Emotion yields ground to data

Jon Barrett Electronics Sourcing
Jon Barrett, Managing Editor, Electronics Sourcing

My life story has been riding the economic sine wave that is the electronics design and manufacturing industry. When a crisis hits, newscasters roll out the standard response that businesses demand predictability. In reality, it depends what business you are in. If the world was predictable I imagine the insurance sector would shrink.

In the manufacturing arena, companies want the upside of unpredictability when surprising a competitor with a new product, while also seeking out predictability in their supply chains.

Four-years ago there was no supply chain. Three-years ago scarcity drove prices sky high. Two-years ago everyone was searching for the ‘golden screw’. This year the worry is excess inventory. So, what about 2024? Reading through the Forecast features in this issue, three key takeaways are as follows.

Firstly, 2024 is seen as the year that inventories will ‘normalize’, with the pace naturally dependent on the sector. Secondly, no matter how hard governments try and suppress inflation, economies seem to want to stay hot. This is being driven by a wide range of industrial sectors that are busy introducing significant new technologies. Examples include electrification, IoT,automotive, medtech, renewables and industrial. Thirdly, as we climb our way to the next drop, words like de-risking, resilience and robustness abound.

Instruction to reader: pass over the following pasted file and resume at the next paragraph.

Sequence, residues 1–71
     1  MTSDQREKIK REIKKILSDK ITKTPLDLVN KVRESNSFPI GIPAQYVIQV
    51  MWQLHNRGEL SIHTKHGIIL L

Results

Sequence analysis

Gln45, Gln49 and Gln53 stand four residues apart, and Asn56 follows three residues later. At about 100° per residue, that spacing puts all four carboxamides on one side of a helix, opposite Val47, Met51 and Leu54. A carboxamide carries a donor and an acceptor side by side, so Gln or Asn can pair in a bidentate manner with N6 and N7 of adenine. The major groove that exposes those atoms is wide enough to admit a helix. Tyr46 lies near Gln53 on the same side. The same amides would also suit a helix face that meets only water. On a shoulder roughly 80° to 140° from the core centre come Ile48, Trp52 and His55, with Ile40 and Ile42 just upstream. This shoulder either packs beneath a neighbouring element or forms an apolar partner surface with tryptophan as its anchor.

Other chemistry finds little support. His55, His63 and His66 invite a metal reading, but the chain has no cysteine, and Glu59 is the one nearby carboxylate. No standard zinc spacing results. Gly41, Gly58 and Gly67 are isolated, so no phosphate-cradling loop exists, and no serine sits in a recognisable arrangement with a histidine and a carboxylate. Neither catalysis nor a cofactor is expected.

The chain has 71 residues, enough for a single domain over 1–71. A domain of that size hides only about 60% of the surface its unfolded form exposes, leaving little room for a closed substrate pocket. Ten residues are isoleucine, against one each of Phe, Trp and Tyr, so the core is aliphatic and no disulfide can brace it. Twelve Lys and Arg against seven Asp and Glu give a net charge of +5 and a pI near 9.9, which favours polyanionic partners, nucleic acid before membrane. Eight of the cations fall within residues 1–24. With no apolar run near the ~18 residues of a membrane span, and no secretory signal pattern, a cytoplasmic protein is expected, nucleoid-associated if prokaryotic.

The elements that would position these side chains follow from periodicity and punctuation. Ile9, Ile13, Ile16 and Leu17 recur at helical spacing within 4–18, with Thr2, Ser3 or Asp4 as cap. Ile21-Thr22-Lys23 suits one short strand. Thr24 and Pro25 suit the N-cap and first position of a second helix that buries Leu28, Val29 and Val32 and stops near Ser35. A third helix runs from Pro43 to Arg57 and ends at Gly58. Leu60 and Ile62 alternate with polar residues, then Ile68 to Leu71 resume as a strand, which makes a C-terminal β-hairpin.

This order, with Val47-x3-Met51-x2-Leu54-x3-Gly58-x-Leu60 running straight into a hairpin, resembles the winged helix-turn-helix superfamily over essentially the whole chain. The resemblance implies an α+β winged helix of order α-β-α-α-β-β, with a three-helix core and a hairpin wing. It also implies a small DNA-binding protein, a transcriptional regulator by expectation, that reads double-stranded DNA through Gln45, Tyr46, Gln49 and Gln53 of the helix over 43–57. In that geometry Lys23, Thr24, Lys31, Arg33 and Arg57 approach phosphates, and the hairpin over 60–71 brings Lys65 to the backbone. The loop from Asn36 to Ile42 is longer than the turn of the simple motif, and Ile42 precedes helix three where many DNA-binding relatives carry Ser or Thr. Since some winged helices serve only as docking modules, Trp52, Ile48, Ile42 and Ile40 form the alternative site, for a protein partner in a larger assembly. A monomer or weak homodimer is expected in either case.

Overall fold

To achieve this, one option worth exploring is allowing data driven supply chain management to gain ground on emotional decision making. To avoid unintended consequences, the secret must surely be based on the quality of the data and how it is processed and interpreted. Given the electronics industry is actually the front runner in IIoT and AI it appears to have the solutions in its own hands.